- 32 Task Cards (prints 4 to a page)
- Recording Sheets
- Answer Keys
- Google Slides
- Digital or Print
- Challenge Card to extend the lesson
Great for 4th, 5th, or 6th grade!
CHECK OUT THE PREVIEW TO SEE A LOT MORE!
This resource is part of a money-saving bundle!
This resource uses American English and is editable.
- Download our to learn 31 different ways you can use this resource!
✏️ “This is great practice for students to review commas. I’m always needing lots of spiraling for compound and complex sentences punctuation, and this fit the bill. The kids love to move around the room answering the task cards affixed to the walls, and it’s easy to see who has the skill and who doesn’t. Rachel Lynette never disappoints and always has quality products.” -Darcy P.
✏️ “This is a great resource and my kids LOVED using it. Such a fun way to review with the kids. I spread them all out around the room and they moved around individually working on it.” -Carrie K.
✏️ “I absolutely love task cards. It gives me to ability to differentiate with my students. Some can answer only the odd numbers as others do them all. They must get them 100% correct right and if they get one wrong and do not understand why it is wrong, they take it off the wall and bring it to me so we can learn together. These task cards require students to read the entire paragraph. I have many that jump quickly on the first word. These are great!” -Jessie G.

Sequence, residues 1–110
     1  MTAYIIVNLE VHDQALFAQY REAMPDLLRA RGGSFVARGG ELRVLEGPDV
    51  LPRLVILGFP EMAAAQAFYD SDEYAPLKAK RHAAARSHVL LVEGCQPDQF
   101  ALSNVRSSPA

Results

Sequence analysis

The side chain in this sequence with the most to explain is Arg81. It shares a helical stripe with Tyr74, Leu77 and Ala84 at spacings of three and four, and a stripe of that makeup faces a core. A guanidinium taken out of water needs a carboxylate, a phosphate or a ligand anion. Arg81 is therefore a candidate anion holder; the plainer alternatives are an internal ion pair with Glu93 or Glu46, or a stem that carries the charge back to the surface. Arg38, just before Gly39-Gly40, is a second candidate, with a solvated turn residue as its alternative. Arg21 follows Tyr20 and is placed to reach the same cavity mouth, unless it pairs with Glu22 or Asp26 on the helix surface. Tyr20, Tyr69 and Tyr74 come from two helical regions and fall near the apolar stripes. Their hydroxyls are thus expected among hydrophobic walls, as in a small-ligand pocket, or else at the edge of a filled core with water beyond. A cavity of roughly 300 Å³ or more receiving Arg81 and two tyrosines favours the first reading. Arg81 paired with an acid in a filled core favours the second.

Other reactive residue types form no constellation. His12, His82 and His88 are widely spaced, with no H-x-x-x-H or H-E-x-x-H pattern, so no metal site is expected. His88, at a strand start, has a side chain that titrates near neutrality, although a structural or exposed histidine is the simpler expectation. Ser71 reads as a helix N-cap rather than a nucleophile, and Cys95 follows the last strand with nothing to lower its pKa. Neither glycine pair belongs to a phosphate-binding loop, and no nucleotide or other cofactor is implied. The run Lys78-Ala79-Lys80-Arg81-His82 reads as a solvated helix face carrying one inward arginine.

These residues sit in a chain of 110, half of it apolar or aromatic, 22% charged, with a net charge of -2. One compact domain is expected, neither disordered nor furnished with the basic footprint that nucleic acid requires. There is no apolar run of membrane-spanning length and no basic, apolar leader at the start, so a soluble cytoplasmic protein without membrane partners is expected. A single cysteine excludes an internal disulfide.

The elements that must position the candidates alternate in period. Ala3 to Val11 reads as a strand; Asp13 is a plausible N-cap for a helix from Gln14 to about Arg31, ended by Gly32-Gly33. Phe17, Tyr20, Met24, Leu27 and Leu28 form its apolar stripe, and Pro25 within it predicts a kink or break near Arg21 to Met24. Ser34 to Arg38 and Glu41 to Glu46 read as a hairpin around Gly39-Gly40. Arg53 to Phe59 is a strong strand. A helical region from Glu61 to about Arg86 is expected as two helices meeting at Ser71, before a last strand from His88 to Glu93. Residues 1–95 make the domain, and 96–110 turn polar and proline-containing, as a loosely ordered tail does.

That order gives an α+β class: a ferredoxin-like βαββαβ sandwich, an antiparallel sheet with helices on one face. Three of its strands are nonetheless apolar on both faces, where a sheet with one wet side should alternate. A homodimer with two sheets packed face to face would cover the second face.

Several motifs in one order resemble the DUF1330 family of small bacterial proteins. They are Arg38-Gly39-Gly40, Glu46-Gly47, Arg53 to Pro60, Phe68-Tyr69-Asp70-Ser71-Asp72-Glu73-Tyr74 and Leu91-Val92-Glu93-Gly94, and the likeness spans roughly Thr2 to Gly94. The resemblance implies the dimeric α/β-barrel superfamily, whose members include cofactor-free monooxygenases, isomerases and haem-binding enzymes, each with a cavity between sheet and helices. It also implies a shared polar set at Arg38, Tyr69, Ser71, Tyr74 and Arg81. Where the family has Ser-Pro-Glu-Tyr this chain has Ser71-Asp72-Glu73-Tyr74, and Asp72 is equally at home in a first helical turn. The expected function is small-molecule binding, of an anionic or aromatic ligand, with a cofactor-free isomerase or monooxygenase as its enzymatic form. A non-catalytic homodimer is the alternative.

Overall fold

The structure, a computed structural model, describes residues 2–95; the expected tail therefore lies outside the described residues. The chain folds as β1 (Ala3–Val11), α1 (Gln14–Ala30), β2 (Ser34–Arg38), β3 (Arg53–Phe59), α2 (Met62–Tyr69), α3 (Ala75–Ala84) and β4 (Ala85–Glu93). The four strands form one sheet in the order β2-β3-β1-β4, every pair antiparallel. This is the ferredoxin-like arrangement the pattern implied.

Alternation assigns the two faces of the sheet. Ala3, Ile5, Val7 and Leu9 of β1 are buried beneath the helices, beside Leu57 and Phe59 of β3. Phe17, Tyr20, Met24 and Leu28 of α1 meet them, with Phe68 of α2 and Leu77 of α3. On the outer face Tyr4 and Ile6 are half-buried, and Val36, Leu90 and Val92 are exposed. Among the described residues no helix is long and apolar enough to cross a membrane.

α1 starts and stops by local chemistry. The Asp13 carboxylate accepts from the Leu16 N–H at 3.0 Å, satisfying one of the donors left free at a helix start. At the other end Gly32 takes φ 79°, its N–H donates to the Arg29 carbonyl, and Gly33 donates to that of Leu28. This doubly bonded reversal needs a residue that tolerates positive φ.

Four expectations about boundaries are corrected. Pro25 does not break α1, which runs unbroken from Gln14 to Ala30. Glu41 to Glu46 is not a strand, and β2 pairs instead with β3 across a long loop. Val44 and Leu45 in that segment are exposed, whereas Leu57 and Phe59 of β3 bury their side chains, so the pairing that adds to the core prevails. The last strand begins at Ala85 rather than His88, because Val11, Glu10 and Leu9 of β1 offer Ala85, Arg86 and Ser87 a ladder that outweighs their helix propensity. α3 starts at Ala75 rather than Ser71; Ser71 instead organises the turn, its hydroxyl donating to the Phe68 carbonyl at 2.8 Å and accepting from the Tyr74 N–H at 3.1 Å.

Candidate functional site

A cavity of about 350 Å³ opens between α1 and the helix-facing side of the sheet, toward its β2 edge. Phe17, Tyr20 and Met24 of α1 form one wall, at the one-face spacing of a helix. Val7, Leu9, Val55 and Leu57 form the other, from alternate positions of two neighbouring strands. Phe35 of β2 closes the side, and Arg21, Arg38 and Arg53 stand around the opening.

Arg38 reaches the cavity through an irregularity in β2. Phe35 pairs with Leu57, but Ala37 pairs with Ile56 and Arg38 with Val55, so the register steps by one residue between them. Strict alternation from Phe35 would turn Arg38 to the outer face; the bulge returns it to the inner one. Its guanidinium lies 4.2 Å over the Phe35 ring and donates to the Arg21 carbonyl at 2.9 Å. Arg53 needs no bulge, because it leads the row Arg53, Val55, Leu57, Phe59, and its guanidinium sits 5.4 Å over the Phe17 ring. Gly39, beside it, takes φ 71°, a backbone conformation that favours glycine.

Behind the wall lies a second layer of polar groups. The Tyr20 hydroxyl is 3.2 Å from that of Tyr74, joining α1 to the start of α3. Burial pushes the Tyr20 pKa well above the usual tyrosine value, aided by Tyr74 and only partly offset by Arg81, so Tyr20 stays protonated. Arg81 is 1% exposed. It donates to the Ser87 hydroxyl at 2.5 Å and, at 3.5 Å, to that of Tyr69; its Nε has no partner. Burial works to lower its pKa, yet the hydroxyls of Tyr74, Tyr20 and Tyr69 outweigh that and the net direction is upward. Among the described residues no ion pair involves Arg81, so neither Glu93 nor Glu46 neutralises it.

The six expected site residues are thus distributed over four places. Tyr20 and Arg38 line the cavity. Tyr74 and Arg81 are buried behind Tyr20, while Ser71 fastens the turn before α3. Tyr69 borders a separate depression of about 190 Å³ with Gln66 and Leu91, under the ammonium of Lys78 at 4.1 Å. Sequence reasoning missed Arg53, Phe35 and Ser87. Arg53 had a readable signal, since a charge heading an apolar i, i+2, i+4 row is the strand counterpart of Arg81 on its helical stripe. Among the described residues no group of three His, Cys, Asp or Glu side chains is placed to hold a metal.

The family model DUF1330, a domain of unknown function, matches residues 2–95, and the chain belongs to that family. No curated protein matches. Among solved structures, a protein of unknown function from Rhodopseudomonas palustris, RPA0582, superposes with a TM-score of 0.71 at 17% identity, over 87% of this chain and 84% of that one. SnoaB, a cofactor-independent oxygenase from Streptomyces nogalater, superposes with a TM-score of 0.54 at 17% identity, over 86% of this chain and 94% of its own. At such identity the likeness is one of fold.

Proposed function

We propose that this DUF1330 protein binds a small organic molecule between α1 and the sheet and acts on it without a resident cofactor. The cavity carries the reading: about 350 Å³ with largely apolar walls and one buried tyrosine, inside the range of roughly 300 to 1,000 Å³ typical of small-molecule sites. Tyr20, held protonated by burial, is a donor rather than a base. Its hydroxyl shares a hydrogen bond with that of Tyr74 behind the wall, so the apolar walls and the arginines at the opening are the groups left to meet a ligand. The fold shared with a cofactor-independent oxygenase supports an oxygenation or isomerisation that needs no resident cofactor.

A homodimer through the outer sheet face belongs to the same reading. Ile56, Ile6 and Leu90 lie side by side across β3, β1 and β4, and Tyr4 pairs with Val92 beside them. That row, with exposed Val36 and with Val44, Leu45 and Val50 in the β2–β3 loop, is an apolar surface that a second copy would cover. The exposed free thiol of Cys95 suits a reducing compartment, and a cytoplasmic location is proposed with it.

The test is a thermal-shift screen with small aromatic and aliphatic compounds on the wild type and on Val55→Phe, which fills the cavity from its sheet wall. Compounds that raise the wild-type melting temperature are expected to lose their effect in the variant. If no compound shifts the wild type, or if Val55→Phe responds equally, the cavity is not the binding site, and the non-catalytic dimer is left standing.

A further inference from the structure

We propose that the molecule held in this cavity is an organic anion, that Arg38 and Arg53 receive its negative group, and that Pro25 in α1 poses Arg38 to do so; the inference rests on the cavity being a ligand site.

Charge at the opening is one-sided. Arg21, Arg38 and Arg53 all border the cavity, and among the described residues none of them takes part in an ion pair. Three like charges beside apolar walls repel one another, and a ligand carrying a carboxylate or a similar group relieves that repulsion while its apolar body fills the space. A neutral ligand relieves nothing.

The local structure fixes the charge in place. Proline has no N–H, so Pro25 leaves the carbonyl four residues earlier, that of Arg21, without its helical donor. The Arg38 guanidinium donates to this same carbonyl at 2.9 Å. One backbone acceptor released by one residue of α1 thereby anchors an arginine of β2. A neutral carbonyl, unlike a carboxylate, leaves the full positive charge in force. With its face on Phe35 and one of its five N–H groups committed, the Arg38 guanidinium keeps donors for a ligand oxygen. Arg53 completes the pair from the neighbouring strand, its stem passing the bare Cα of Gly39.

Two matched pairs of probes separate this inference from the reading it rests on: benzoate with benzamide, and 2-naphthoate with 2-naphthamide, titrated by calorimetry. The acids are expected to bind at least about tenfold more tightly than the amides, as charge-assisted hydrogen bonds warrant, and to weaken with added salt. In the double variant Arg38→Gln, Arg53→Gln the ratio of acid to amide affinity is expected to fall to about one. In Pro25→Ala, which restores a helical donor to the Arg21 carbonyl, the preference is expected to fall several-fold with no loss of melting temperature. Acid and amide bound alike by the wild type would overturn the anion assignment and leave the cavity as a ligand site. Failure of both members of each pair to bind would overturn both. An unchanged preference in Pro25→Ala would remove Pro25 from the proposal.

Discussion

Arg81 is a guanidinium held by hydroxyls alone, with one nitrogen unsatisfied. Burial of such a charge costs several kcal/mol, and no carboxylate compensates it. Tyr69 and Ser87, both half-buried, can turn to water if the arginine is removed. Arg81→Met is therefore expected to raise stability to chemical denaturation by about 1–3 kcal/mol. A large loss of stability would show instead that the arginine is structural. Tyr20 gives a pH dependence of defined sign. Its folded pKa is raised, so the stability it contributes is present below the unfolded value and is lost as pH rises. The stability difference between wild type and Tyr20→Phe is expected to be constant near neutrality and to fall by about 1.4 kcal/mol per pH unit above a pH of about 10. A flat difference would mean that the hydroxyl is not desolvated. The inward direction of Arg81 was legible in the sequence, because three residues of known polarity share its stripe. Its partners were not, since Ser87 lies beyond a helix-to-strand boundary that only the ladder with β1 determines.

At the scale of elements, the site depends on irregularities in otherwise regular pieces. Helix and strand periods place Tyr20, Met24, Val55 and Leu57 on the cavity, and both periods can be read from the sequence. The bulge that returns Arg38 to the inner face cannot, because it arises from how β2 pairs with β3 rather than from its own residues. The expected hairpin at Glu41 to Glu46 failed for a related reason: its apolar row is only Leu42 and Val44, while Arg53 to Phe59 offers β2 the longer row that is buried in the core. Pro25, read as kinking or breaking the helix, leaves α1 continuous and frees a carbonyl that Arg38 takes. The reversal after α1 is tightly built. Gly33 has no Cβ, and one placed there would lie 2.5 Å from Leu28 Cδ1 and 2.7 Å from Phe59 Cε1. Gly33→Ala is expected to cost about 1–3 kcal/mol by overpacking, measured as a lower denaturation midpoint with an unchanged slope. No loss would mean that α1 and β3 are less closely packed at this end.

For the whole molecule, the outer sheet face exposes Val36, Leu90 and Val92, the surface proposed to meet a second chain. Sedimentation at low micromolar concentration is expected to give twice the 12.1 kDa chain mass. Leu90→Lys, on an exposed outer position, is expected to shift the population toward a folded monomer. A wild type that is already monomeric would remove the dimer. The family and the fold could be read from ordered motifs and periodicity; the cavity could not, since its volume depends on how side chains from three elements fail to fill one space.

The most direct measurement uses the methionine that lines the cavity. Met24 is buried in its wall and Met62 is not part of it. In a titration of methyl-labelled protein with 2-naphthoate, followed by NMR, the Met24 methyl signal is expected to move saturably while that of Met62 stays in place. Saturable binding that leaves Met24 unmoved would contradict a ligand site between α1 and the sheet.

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Common Core Standards:
- L.3.2. Demonstrate command of the conventions of standard English capitalization, punctuation, and spelling when writing.
- L.4.2. Demonstrate command of the conventions of standard English capitalization, punctuation, and spelling when writing.
- Use a comma before a coordinating conjunction in a compound sentence.
- L.5.2. Demonstrate command of the conventions of standard English capitalization, punctuation, and spelling when writing.
- Use punctuation to separate items in a series.*
- Use a comma to separate an introductory element from the rest of the sentence.
- Use a comma to set off the words yes and no (e.g., Yes, thank you), to set off a tag question from the rest of the sentence (e.g., It’s true, isn’t it?), and to indicate direct address (e.g., Is that you, Steve?).
- L.6.2. Demonstrate command of the conventions of standard English capitalization, punctuation, and spelling when writing.
- Use punctuation (commas, parentheses, dashes) to set off nonrestrictive/parenthetical elements.*
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About the Author
Rachel Lynette is a published author of over 120 nonfiction books for children on a variety of subjects, as well as several teacher resource books. She has written for publishers such as Harcourt, Thompson-Gale, Rosen, Children’s Press, Evan-Moor, Kagan, and several others. This resource reflects more than a decade of professional writing experience.
This resource was created by Rachel Lynette and Cassi Noack for Minds in Bloom INC., all rights reserved. It may be used by the original purchaser for single class use only. Teachers may distribute this product in email, through google classroom or over the Internet to their students (and parents) as long as the site is password protected. In other words, you may distribute it to your own students, but may not put it on the Internet where it could be publicly found and downloaded.
This product is happily brought to you by Rachel Lynette and Cassi Noack of Minds in Bloom
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